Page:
It hasn’t been a good year for Japanese automakers, with the Japanese earthquake earlier in the year and more recently, floods in Thailand disrupting production, schedule and plans. All this has certainly lost them a fair bit of ground in terms of sales and expansion.

Toyota, the world’s number one automaker, looks set to lose the most – the company is set to cede the top spot in global new-vehicle sales in 2011 to the resurgent General Motors, according to reports. Toyota was No. 1 for the past three years, but now looks certain to drop to third place after the Asian disasters forced the company to cut production at home and abroad.

GM’s global sales for the January-September period rose 9% on the year to 6.79 million units, and with sales in Q4 on track to outpace the 2.17 million units recorded in same 2010 period, the US automaker’s full-year total is likely to exceed nine million units. This number would be 20% above the figure for 2009, when the company filed for bankruptcy.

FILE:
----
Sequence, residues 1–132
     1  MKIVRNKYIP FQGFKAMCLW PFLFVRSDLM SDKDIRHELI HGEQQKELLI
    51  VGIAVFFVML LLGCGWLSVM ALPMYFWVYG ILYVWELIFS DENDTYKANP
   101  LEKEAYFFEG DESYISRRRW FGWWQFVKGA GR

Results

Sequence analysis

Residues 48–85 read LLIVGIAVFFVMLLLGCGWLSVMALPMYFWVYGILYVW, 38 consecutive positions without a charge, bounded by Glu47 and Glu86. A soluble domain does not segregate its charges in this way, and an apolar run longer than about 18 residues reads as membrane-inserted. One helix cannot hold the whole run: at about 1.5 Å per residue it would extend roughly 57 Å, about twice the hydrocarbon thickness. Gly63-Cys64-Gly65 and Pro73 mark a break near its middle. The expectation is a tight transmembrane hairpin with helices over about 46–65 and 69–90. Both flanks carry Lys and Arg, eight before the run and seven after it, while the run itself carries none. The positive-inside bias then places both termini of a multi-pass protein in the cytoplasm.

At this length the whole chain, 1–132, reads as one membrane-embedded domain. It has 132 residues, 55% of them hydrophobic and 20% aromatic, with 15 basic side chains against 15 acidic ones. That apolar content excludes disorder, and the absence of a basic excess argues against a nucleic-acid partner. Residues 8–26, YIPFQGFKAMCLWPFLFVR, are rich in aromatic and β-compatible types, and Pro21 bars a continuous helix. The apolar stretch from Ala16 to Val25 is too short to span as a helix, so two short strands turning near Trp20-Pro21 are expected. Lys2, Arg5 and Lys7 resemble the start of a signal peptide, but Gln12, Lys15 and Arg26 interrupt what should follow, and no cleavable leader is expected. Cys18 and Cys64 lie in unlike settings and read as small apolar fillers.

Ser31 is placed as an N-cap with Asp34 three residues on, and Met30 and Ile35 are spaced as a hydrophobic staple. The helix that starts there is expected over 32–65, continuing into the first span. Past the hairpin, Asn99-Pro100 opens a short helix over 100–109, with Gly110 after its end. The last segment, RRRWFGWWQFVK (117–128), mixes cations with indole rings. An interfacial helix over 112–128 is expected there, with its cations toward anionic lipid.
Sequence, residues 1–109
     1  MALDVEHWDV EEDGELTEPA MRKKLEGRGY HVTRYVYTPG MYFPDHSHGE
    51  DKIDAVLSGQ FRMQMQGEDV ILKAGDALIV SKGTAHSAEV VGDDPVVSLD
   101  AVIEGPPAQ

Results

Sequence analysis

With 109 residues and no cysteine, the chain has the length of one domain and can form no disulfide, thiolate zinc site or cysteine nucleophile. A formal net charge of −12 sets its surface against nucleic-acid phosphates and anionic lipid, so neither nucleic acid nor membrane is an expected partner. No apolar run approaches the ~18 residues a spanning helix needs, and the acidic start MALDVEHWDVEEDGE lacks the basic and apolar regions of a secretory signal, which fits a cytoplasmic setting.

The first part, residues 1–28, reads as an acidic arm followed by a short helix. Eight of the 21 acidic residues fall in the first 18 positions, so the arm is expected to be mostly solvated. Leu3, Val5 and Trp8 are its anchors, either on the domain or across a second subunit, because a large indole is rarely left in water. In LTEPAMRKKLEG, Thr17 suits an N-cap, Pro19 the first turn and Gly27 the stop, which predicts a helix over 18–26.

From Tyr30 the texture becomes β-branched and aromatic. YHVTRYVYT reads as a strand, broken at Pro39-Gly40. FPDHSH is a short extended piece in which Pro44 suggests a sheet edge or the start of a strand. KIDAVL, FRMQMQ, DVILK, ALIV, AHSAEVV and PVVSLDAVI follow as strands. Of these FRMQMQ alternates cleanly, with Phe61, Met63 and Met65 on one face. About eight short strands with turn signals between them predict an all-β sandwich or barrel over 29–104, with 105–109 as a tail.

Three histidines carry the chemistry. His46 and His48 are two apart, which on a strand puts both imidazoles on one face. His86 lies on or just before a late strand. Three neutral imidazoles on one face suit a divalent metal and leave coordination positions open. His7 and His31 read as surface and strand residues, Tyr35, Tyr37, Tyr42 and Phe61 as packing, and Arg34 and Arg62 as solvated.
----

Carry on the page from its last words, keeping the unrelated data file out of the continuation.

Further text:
Meanwhile, Volkswagen is expected to advance one spot to second place, with group sales surging 14% on the year to 6.17 million units in the first nine months of 2011. In 2010, Toyota and GM were the only carmakers to achieve more than eight million units sold – VW is positioned to reach that milestone for the first time this year, helped by double-digit sales growth in Europe, North America and Asia-Pacific, the reports say.

As for Toyota, its January-September sales slid 9% on the year to 5.77 million units, and with the effects of the Thai floods set to impact the October-December figures, it looks unlikely that Toyota will narrow the gap with GM and VW, which have also enjoyed a head start the world’s largest market, China.

Elsewhere, Hyundai, which surged past Ford in 2010, is on pace to consolidate its position thanks to robust sales in the US, China and other key markets – the company has already upgraded its sales forecast for the full year to at least 6.5 million units, from the 6.33 million units projected, the reports add.